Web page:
A campaign group claims that current MPs in the House of Commons make as much as £2m a year.
38 Degrees, which operates online, describes itself as “a community” and in a new report says: “For renters across England, the housing system is neither fair nor respectful. In fact, the country’s private rental market is broken. For the nearly one in five households made up of private renters, an unsafe and unfair system means a roll of the dice with every new tenancy. Meanwhile good landlords must watch as irresponsible ones bring their reputation into disrepute.”
It calls for the rapid introduction of the Rental Reform Bill - which suggests the report, although only just released, was written some time ago before Housing Secretary Michael Gove committed to launch the bill this week.
The report, based on an analysis of the House of Commons Register of Members’ Interests, says 101 MPs declared rental properties of any type earning more than £10,000 annual rent in 2022/23 - that’s 15.5 per cent of elected MPs.
The report then states: “This means people who claim rental income are significantly over- represented in Parliament: by comparison, just four per cent of the total UK population are landlords. As a result, MPs are almost four times more likely to be landlords than the population as a whole.”
Looking at England specifically, it suggests that 87 MPs declared rental income. Of these 87, some 53 claimed rental income from one home and 34 from two or more properties. Ands of the 87, some 68 are Conservatives. 16 are Labour, two are Liberal Democrats and one is a Scottish National Party MP.
The report says that based on the ‘£10,000 minimum’ rule for a declaration, at least £1.67m a year is being made in rent from MP-owned homes in England, but it then speculates: “In reality, the amount earned is likely to be higher, since many of the properties listed will earn more than £10,000 a year in rent. Indeed, there are good reasons to think many earn a lot more.”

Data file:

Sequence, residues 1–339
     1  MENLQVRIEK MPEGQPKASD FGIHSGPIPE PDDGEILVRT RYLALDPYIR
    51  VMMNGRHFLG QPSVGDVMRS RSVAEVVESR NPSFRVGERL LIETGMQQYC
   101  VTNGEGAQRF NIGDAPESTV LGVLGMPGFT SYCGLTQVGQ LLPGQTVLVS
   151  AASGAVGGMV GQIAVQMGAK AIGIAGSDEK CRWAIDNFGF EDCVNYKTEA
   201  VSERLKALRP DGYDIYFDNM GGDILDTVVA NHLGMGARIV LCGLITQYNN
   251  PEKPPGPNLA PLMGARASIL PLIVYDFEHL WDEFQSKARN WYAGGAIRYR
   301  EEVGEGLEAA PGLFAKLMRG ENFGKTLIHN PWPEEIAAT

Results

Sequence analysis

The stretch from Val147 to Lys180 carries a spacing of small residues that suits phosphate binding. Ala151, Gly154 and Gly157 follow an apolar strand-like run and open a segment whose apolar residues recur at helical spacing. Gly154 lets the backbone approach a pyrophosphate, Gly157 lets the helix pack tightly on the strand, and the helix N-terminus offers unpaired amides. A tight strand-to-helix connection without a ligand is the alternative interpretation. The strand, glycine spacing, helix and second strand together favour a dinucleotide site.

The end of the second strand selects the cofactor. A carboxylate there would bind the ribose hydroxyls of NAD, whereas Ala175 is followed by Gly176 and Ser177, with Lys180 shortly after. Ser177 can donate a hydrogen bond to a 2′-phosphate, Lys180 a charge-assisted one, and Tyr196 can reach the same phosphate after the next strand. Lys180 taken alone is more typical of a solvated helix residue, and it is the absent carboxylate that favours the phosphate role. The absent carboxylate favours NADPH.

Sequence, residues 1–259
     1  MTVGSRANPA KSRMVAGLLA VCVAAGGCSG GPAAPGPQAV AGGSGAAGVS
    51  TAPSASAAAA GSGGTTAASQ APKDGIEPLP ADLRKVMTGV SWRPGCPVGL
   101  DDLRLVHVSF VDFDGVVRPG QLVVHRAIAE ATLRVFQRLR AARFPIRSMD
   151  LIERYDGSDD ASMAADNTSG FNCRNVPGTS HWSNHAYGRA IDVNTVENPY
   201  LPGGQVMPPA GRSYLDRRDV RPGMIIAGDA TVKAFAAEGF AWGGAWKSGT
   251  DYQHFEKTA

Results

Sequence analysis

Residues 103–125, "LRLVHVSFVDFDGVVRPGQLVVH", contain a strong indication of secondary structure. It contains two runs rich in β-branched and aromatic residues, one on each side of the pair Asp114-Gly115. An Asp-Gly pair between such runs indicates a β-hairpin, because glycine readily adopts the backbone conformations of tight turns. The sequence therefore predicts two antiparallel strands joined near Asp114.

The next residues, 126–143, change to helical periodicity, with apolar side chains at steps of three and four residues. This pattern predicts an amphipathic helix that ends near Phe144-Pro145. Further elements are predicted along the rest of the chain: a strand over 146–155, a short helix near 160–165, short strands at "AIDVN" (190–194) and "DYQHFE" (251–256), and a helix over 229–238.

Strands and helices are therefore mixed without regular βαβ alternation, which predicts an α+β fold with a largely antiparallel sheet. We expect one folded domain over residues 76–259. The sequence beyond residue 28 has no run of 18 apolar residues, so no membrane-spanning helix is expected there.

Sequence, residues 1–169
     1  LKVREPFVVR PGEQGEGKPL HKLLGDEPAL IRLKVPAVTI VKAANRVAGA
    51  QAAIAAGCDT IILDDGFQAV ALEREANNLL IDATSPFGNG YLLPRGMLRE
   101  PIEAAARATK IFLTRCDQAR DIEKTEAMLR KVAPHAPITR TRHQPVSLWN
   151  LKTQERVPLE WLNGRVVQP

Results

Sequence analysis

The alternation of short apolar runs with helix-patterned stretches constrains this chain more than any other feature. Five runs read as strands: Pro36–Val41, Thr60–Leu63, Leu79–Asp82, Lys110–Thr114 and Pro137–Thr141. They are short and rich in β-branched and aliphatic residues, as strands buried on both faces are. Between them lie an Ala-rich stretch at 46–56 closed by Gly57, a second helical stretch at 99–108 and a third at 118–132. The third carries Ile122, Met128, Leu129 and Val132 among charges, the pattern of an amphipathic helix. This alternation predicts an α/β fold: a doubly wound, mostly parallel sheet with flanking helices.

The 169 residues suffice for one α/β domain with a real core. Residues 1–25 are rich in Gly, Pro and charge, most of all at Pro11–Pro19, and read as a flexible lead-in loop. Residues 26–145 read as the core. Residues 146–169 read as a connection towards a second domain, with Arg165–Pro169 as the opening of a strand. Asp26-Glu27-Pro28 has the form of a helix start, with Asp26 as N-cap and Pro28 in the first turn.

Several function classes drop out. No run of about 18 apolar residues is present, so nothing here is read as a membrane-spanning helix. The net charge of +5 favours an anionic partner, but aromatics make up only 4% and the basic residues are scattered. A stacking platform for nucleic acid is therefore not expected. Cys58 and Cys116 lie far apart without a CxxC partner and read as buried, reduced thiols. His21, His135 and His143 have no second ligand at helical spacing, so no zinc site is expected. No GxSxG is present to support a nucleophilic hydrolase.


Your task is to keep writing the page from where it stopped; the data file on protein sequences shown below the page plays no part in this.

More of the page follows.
The report then speculates that: “66 of the rental properties declared were in London - more than in any other English region. With a minimum of £10,000 a year rental income each, the total for these 66 was at least £660,000. But the latest ONS statistics suggest London’s median monthly rent is £1,475 pcm, or £17,700 a year. That’s £7,700 higher than the £10,000 a year threshold for declaration. So if every London property listed earned the capital’s median rent - instead of the minimum £10,000 - the estimated rent from MP- owned properties in the city would collectively be £508,200 a year more.”
It also speculates that the number of private landlords in Parliament is likely to be higher than outlined as MPs are only required to declare rental income over £10,000.
Government estimates suggest median monthly rent across England is £800 a month, or £9,600 a year and the report adds that: “Therefore, any MP charging a tenant the median national rent would not be required to declare it - severely limiting transparency on landlord interests in Parliament.”
After further speculation about other parts of the country, the report suggests MPs earn in excess of £2m a year from rent.
38 Degrees says five members of the current cabinet declared income from properties in England this year. This includes the Chancellor, Jeremy Hunt, who has seven apartments in Southampton, as well as Suella Braverman, Gillian Keegan, Alex Chalk and Lucy Frazer.
Former PM Boris Johnson, who pledged Renters’ Reform in his 2019 manifesto, has also declared rental income on three properties.
One member of the Department of Levelling Up, Housing and Communities Select Committee has also declared rental income - the is Conservative MP Bob Blackman, who holds six buy to let properties in Welwyn Garden City.
Three members of Labour’s Shadow Cabinet also earn rental income: David Lammy, Emily Thornberry and Lucy Powell, who each declared income from one property.
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